I can understand and sympathize with most values, but there's one so alien that I can't relate to it at all - "The People's Romance." The People's Romance is defined by Daniel B. Klein as "the yearning for encompassing coordination of sentiment." It is a kind of joint ownership of everyone by everyone, where if anyone opts out of the group sentiment, they are damaging the value. It is perhaps the only value that cannot possibly be served by the libertarian value of freedom.
The People's Romance in its statist form was expressed quite clearly by Hegel:
It is false to maintain that the foundation of the state is something at the option of its members. It is nearer the truth to say that it is absolutely necessary for every individual to be a citizen. The great advance of the state in modern times is that nowadays all the citizens have one and the same end, an absolute and permanent end.What made me think of The People's Romance was a recent article by Rick Baber on NWAPolitics.com about the 9/11 terrorist homicides. I saw similar sentiment in letters to the editor and editorials - that there was some kind of spontaneous unity after the "attack," and this was allegedly a good thing.
Well, you know me - the perpetual iconoclast. I disagree with both points. First of all, there was no spontaneous unity. I for one, and no doubt many others, had quite a different reaction to 9/11 than a feeling on unity with fellow Americans. I had more of a feeling of disgust for the US foreign policy which brought on the mass murders. I had much the same feeling as one gets when hearing about a terrible auto accident: a tragedy, but only to be expected considering all the driving done. For 9/11, my feeling was that after all the murders and assassinations and bombings and funding of brutal rulers by the US State, it was inevitable that someone eventually hit back.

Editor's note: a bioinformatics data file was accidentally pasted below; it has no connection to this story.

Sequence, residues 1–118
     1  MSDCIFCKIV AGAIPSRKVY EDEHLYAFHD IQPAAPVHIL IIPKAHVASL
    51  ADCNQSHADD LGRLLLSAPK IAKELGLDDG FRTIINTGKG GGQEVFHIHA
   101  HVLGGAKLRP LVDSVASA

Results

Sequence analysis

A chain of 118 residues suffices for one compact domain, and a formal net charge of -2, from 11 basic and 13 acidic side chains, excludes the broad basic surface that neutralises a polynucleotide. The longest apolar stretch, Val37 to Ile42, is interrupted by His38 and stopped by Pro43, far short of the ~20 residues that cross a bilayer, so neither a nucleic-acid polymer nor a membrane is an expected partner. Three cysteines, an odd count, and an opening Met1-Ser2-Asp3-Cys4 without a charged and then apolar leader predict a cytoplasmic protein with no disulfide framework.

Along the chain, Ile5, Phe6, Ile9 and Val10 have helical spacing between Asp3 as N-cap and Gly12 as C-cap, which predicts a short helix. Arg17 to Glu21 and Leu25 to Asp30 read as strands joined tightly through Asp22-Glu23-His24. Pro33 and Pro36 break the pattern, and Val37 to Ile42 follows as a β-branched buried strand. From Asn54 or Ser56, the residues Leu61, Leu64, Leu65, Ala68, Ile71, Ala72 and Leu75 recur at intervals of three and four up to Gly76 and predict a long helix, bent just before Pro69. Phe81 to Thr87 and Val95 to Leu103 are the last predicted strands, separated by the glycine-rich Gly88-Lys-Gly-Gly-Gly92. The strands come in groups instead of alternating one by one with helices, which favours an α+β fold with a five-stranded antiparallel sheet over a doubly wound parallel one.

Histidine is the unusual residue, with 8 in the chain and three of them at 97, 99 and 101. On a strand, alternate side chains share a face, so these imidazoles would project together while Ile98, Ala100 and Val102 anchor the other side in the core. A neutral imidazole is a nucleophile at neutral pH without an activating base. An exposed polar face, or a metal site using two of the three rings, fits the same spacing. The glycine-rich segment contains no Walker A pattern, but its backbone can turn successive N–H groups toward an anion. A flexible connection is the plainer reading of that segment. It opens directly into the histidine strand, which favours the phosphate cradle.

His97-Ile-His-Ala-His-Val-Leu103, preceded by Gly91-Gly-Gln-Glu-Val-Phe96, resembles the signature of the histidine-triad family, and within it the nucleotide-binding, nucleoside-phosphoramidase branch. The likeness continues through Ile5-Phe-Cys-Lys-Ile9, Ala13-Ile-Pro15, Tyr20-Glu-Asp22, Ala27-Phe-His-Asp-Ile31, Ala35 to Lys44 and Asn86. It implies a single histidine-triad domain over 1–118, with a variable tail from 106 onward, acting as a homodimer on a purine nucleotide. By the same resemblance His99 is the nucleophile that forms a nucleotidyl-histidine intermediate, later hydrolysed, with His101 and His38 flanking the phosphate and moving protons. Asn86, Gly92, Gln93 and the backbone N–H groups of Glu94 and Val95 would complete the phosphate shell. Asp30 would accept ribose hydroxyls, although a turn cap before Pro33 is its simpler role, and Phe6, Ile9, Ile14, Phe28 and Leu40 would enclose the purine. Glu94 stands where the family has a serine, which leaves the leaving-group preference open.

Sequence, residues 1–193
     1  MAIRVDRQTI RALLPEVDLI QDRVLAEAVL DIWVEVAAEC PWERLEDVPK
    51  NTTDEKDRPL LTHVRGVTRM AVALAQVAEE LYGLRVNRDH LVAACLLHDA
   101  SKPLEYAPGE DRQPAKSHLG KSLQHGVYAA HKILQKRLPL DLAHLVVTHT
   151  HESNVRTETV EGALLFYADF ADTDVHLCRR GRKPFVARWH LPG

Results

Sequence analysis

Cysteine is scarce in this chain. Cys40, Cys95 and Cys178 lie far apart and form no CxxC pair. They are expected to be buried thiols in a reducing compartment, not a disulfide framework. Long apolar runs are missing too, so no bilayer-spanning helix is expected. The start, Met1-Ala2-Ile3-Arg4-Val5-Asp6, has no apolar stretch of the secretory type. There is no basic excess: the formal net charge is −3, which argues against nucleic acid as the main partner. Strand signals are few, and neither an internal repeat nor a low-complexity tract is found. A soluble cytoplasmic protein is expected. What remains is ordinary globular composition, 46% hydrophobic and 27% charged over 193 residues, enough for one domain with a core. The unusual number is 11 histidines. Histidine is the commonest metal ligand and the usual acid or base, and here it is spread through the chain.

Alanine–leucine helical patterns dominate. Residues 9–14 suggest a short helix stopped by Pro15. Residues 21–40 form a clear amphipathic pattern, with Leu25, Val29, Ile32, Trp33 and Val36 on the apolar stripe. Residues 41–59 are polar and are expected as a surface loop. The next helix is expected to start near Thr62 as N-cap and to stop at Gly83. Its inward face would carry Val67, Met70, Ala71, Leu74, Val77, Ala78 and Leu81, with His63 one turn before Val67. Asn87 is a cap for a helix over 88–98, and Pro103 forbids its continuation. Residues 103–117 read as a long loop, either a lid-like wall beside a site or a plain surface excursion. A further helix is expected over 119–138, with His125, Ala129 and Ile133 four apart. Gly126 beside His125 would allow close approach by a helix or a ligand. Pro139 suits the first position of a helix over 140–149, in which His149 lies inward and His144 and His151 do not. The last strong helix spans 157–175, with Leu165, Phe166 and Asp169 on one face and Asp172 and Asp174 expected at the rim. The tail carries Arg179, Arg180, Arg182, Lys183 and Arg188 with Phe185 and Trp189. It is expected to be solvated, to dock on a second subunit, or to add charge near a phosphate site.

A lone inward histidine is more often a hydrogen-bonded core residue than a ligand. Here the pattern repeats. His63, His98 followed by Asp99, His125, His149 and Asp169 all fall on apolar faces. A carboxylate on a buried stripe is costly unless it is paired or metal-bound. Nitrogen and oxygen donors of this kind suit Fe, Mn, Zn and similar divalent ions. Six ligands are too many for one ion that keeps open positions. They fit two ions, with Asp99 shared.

So I had no feeling of unity; on the contrary, for me the incident underlined the separateness of rulers and ruled, of State and society. And I was thankful of the recognition of that separateness in the minds of terrorists. They attacked mostly some military assholes in the Pentagon and some outfits who helped fund Israel based at the World Trade Center rather than normal people like you and me. Not that they did it morally, since they murdered non-combatants, but in the Newspeak of the media they "targeted" combatants rather than people in general.
This People's Romantic feeling of unity did not come to me, nor most anti-statists, as it apparently did to Baber and many editorial writers. That's not surprising, since I'm a statistically abnormal non-conformist. What worries me is the (generally implied) claim that such a unifying sentiment is a good thing. That's where The People's Romance comes in. The notion that in a modern society everyone in the tribe should dance in unison to the drumbeat is both disgusting and dangerous. It is the sentiment that makes war possible, that makes brutal occupations of foreign countries appear acceptable, that lets otherwise reasonable people be led by the nose into evil by neo-Jacobin rulers. As they did.
So Boobus Americanus bought the big lies, about WMDs, about a ragtag band of terrorists being equivalent to the Nazi superstate, about internationalist Muslim militancy equating to nation-worshipping fascism ("Islamo-fascism"), about a warmed over White Man's Burden to bring freedom and democracy to foreign wretches at bomb-point. And about the necessity to sacrifice liberty for that great cause, or else the foreign devils who hate liberty and all Americans will slit our throats in our sleep. Yes, 9/11 was a great day for The People's Romance, and the rulers milked it to the hilt. But that was not a good thing - for you, for me, or for liberty.